Who was Lavinia Patterson? I found a cabinet photograph of her in one of the boxes from my mother’s cousin. Written on the back, her name, the date and place. It wasn’t in one of the albums, just in an envelope with other pictures. She was a good looking girl with what I thought was an unusual haircut. She had very long hair hanging free with bangs and a short boy cut around her ears. Cutting or shaving some of one’s hair is a style seen now but in 1886?
The first clue was the photographer’s name and address. Barnett M. Clinedinst Sr and Jr had a studio in Baltimore from 1880 to at least 1891. Clinedinst Sr. began as an artist and turned to photography after the Civil War. He built up a prosperous business in Staunton, Virginia and later settled with his wife Caroline McFee and children in Baltimore. His son followed him into the business and they opened a studio in Washington DC where they photographed Presidents, military men and societie’s elite. Barnett Jr became the official White House photographer for three administrations. They were also innovators and were some of the first to use flash lighting.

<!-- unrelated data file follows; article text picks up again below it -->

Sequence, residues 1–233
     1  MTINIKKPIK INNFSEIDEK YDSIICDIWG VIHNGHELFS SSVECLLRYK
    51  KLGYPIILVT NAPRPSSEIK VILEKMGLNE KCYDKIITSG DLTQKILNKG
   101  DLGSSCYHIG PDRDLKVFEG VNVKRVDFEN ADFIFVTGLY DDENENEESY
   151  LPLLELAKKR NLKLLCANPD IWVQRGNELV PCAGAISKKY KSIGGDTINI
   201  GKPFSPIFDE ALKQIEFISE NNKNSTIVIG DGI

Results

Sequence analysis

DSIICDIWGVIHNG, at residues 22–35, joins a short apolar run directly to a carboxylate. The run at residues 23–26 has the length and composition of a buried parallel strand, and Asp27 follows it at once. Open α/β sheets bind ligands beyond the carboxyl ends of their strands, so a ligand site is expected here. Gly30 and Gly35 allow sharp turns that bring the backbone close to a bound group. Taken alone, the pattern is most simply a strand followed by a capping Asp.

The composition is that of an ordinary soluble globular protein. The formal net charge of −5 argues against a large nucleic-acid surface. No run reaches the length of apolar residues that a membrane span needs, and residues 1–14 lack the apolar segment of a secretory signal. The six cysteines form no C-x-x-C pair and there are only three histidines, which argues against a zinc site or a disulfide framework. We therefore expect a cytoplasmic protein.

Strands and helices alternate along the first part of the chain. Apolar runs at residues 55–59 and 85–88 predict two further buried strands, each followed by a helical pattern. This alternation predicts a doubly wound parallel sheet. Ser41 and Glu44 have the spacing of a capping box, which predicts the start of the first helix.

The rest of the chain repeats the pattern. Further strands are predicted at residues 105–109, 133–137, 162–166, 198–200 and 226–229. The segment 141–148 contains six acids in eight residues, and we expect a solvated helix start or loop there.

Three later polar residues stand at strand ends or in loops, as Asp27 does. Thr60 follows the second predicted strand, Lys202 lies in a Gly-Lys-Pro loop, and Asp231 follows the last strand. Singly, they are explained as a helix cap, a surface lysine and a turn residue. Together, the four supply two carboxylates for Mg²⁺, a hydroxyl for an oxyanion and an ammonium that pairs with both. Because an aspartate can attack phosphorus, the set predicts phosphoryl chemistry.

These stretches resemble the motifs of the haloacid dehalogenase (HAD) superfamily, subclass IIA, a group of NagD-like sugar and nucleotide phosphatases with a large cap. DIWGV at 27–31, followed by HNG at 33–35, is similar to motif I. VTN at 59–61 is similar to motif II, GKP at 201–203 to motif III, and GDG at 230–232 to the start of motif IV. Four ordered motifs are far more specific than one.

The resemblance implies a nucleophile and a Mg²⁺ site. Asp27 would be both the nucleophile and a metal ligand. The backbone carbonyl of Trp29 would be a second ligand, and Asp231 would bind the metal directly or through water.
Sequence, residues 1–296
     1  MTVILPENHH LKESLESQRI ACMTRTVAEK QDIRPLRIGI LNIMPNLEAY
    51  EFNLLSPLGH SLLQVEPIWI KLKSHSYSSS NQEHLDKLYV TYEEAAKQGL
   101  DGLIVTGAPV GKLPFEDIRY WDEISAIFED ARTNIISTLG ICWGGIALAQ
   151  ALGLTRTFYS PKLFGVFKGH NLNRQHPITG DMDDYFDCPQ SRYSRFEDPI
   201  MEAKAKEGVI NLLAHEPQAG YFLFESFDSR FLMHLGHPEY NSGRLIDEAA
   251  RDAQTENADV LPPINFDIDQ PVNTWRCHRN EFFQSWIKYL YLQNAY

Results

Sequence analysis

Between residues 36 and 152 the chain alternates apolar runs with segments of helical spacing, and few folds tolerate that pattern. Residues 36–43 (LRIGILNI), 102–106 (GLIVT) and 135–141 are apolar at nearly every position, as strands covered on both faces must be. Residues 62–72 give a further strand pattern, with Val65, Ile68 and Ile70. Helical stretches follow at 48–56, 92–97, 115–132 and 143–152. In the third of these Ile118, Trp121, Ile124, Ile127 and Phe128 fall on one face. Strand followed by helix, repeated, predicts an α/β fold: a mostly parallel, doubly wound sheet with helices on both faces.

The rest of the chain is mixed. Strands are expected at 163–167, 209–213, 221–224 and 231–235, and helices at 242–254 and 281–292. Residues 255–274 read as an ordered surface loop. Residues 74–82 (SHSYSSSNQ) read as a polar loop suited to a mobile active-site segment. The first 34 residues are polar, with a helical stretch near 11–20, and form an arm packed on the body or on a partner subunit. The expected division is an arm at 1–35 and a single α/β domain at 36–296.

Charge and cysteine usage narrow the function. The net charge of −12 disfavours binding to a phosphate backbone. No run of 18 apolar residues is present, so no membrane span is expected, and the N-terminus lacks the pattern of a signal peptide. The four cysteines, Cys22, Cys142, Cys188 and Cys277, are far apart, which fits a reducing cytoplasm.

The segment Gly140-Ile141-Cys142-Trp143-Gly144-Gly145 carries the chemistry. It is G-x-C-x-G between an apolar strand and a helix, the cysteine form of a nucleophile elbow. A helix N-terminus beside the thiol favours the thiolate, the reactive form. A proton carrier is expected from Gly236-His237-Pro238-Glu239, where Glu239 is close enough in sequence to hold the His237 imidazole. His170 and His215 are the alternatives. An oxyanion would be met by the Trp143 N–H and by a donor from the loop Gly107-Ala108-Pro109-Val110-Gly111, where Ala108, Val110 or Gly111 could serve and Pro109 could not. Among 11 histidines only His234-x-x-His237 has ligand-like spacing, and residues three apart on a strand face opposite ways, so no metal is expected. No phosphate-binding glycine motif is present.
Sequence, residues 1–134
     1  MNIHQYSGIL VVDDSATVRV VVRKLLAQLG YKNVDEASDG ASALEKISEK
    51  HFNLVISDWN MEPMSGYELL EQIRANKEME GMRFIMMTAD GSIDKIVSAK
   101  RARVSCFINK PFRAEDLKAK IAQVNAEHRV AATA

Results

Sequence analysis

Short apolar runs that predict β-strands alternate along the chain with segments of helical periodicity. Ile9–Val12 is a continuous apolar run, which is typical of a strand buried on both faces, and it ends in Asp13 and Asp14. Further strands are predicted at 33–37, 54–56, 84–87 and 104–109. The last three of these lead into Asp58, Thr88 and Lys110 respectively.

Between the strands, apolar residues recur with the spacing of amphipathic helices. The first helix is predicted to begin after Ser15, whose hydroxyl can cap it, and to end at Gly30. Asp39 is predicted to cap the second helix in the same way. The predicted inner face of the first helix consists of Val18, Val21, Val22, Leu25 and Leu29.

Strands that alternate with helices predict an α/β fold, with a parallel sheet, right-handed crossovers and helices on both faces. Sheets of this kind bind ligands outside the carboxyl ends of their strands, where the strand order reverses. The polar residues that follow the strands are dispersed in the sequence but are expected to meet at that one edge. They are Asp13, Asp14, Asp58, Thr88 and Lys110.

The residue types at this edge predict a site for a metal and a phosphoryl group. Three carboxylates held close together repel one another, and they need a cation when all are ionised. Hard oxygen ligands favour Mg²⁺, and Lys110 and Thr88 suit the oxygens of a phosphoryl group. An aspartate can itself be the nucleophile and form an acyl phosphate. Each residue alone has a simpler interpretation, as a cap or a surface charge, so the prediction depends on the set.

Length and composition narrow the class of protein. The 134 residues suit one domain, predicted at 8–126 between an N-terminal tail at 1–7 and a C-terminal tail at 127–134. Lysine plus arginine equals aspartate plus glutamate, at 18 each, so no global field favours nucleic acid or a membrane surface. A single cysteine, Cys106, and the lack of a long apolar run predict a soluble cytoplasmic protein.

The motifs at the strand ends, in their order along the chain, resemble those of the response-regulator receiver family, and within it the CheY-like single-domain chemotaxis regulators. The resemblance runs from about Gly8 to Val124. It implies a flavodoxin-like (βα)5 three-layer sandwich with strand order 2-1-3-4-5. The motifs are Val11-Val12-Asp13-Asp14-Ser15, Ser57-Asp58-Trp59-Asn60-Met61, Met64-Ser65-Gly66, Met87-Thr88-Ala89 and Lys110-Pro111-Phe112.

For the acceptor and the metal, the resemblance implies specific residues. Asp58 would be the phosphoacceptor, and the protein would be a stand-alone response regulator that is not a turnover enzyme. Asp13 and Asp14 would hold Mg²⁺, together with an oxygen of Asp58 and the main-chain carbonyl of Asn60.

Much information about the photographers exists but what about Lavinia? In an 1887 Erie PA directory, Lavinia B. Patterson, a student, lived at the corner of 7th and Sassafras, the same address as a Revered James G. Patterson of Park Church. Two years later Rev Patterson resigned as pastor of the 2nd Presbyterian Church of Erie. There was also a Lavinia and Anne Patterson going to a school in 1881 but so far no proof that either is this Lavinia.
This picture was with other photographs that had belonged to my great grandmother, Ida Girod Bruneau. Ida taught school in Baltimore before she married Ismael Bruneau in 1886. Was Lavinia one of her pupils saying goodbye to Ida, a favourite teacher?
The photograph was taken on June 8th 136 years ago.